By the time the late nineteen-eighties had rolled around, college radio largely had its own identity, one that almost entirely eschewed artists that got ample attention from stations in the commercial portions of the dial. That was a significant shift from a decade earlier, when an album by the Who, arguably at the peak of their broader popularity, could top the college charts, albeit charts that in their earliest stages. While some stations still afford these legacy artists at least a modicum of respect around 1989, the general rule was to strongly favor the acts that were starting to be grouped under the catch-all term “alternative.” Classic rock radio could have those others artists that once had a comfy enough home in at student-run station.
As might be expected, there were exceptions to this rule. Though they practically defined establishment rock, the Rolling Stones got plenty of college radio airplay with their 1989 album, Steel Wheels, which was met with the sort of best-album-in-years proclamations that greeted just about every new release from the band. And Neil Young, bolstered by the automatic genuflections of Rolling Stone magazine that greeted every new album as well as a recent boost of his anti-corporate credentials, was cloaked in a cool so undeniable that it kept him in the mix. At the station where I landed, the programming choices were even more generous, and there were quite a few old-timers (a hyphenated word I type out with pained knowledge that today’s artist was younger than I am now at the time of this song’s release) that we continued to champion. One of those performers was Jackson Browne.
A solid though never dominant hit-maker through the nineteen-seventies and a good chunk of the eighties, Browne’s ability to capture the attention of commercial programmers was waning, surely in part because he’d grown more overt in his politics. He’d surely had an activist steam for some time, famously serving as one of the leaders of the 1979 No Nukes concerts, but a decent amount of his music stuck with the safety of considering pretty girls and the lovelorn. He took a sharp left turn, to use a fitting metaphor, with Lives in the Balance, his 1986 album that took dead aim at the misbegotten manipulations of Ronald Reagan’s America (with the occasional, slightly under-energized love song tossed in). Aligned with the consensus political views of my college radio contingent, Browne felt like someone who needed our bolstering attention. Thus the arrival of his 1989 release, World in Motion, was met by us with the same enthusiasm we afforded some of the unquestioned heroes of college radio.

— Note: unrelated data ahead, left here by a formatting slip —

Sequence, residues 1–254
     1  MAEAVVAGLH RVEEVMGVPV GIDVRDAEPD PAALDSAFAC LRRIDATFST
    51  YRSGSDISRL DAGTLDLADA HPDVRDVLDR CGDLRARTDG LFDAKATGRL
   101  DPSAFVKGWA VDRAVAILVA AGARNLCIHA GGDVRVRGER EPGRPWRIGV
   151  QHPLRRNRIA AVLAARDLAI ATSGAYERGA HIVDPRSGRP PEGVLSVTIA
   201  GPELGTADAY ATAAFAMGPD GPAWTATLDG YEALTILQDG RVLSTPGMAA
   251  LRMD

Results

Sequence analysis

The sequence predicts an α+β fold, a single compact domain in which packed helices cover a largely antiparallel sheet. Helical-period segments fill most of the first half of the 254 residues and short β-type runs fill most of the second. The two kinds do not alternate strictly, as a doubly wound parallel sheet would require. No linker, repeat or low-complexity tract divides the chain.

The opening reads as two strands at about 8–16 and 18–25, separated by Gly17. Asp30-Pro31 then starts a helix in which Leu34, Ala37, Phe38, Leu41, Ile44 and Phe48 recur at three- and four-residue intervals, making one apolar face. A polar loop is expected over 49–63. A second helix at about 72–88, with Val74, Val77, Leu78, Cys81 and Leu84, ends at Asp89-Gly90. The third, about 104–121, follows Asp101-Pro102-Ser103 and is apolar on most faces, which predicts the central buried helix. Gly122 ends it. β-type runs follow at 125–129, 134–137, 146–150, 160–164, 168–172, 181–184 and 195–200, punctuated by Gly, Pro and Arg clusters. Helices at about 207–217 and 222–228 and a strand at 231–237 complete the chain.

My mildly soiled little secret is that I still kind of preferred Browne’s dippy, drippy love songs. He might have leveled his songwriting skills at the Iran-Contra scandal and festering injustice across the globe, but I was more likely to bypass the protest songs in favor of, say, “Chasing You Into the Light.” Maybe it didn’t represent the bold truth-telling that inspired us to give Browne an honored spot in our rotation, but sometimes it was simply what I wanted to hear. And, after all, I was the one in the air chair.
Listen or download –> Jackson Browne, “Chasing You Into the Light”
(Disclaimer: Though it’s especially exhausting to try and navigate the discography of an artist like Browne, with decades of reissues and compilations, it appears to me that World in Motion is out of print as a physical object that can be procured at your favorite local, independently-owned record store in a manner that duly compensate both the proprietor of said shop and the original artist. This track, then, is being shared in this space with the belief that doing so causes no undue fiscal harm and ideally may boost Browne’s revenues by reminding folks that his music is worth pursuing. Regardless of my benign intent, I know the rules. I will gladly and promptly remove the track from my little corner of the digital world if asked to do so by any individual or entity with due authority to make such a request.)